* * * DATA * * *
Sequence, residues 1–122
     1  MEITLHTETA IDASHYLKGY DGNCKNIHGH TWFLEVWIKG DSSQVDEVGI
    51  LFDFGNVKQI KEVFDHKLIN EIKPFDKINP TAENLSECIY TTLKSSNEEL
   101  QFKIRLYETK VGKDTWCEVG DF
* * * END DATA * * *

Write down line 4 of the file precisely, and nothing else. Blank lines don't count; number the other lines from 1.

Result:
   101  QFKIRLYETK VGKDTWCEVG DF